A new NASA video offers up a computer simulation for the birth of a black hole. In the video, we see two neutron stars circling one another before the gravitational attraction becomes too much to bear. A combination of their energies via a merger creates the black hole.
The neutron stars, which are 1.7 and 1.4 times the mass of our sun, are roughly 11 miles apart in the simulation. As they circle each other, they begin to deform, until the larger star starts to crush the smaller. As it erupts, it begins to circle the larger star, creating far too much mass for even it to withstand.
In the description of the video, a NASA spokesperson said "At 13 milliseconds, the more massive star has accumulated too much mass to support it against gravity and collapses, and a new black hole is born. The black hole's event horizon — its point of no return — is shown by the gray sphere. While most of the matter from both neutron stars will fall into the black hole, some of the less-dense, faster-moving matter manages to orbit around it, quickly forming a large and rapidly rotating torus.”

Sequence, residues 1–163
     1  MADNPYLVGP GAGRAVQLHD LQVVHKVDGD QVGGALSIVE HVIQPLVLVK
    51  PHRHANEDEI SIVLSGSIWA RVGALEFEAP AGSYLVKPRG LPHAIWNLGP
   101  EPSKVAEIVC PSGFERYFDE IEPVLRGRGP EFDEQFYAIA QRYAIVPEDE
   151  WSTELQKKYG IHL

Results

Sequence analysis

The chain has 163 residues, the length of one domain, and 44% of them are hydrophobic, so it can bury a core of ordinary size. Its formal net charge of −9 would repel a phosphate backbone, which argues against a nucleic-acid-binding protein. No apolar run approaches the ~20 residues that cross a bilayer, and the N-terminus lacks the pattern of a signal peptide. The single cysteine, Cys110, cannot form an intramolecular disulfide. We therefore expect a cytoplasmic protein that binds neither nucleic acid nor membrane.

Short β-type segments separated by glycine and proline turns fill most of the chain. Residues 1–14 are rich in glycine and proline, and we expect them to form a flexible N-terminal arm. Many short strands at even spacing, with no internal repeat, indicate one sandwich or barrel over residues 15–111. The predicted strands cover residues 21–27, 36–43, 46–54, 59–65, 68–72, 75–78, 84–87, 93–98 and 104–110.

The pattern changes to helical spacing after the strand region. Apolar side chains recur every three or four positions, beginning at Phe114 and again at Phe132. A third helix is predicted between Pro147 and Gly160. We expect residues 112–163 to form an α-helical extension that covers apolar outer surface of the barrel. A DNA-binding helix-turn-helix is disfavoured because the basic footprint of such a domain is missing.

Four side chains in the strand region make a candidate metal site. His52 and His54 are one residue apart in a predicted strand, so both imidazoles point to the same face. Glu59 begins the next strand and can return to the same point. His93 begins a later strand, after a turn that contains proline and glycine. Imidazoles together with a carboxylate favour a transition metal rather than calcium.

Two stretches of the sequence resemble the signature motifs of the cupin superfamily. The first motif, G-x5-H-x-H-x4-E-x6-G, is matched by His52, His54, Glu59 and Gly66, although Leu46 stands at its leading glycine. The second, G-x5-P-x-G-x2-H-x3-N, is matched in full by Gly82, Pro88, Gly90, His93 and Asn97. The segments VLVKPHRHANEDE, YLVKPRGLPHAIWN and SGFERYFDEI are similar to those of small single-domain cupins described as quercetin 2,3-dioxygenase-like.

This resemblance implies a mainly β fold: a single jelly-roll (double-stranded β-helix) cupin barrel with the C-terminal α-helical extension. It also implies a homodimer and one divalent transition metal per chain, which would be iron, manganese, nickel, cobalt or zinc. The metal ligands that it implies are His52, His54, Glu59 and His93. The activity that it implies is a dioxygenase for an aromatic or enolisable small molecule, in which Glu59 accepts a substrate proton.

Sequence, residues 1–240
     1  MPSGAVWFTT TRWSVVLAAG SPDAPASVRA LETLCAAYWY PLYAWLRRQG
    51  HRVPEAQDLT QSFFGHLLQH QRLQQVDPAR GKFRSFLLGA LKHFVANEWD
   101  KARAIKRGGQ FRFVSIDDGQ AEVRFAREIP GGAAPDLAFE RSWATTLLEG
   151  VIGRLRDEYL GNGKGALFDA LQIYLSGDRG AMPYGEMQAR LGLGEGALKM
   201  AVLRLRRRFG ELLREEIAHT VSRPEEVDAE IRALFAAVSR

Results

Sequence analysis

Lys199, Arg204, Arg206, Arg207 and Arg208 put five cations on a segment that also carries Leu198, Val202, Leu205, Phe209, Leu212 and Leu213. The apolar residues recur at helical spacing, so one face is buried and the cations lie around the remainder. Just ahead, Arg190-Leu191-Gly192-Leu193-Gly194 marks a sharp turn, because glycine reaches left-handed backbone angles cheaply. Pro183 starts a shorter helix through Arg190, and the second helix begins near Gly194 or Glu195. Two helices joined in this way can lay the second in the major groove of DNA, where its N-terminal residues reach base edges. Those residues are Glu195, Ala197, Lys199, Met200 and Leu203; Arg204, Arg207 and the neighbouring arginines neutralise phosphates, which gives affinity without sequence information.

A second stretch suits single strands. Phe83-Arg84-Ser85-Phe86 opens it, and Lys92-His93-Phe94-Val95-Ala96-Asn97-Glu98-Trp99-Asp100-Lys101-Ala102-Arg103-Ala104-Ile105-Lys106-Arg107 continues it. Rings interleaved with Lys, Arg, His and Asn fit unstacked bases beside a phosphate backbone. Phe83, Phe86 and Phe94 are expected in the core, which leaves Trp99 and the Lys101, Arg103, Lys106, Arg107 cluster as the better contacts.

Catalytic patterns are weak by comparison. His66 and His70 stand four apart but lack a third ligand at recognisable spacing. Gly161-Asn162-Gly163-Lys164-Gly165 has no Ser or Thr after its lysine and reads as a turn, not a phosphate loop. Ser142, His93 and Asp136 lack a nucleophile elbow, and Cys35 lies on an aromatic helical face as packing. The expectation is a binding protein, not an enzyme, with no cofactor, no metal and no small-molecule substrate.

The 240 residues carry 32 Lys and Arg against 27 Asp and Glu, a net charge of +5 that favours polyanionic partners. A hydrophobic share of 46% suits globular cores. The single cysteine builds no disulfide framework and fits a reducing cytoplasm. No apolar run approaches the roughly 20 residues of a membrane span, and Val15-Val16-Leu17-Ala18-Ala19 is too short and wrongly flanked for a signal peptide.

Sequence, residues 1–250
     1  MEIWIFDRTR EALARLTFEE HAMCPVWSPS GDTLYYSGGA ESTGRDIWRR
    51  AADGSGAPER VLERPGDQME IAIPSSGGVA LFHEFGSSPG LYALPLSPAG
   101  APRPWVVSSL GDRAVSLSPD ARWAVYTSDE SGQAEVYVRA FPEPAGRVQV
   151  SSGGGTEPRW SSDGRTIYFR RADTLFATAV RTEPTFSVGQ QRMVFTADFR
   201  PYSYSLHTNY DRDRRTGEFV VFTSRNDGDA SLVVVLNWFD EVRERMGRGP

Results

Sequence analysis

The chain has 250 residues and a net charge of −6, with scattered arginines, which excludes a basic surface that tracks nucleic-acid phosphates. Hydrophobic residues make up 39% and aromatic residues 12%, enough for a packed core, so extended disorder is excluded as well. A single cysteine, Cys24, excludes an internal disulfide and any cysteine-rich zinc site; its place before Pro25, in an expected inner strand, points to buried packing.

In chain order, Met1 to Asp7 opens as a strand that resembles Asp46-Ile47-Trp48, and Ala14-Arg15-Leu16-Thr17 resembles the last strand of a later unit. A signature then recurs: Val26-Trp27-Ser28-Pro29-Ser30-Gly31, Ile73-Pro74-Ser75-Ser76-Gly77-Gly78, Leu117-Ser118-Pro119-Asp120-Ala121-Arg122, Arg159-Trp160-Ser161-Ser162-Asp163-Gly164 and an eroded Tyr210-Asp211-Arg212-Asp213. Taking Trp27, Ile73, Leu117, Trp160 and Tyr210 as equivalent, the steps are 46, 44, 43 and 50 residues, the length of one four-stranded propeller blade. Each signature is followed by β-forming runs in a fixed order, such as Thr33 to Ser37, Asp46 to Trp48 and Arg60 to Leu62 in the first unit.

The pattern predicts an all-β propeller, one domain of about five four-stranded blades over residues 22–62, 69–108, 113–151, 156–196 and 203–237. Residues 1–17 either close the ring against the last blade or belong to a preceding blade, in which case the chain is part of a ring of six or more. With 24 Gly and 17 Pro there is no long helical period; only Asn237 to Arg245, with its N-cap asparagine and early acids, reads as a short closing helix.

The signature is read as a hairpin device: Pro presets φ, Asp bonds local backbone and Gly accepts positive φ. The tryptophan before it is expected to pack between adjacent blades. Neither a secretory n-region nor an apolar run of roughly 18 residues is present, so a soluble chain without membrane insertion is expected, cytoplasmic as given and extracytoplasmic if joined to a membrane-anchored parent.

According to NASA, the amount of energy radiating here is intense. A neutron star occurs when a star that is 8-30 times the mass of the sun explodes in a supernova, leaving the core intact. They think a mere 0.06 inches of that star would outweigh Mount Everest.
Scientists also think the stars collision would produce enough gold to occupy the mass of ten moons, and release gamma ray bursts that have as much energy as the entire Milky Way. For 13 milliseconds of work, neutron stars get the job done. Check out the video below, and feel free to keep it on a loop — it’s that cool.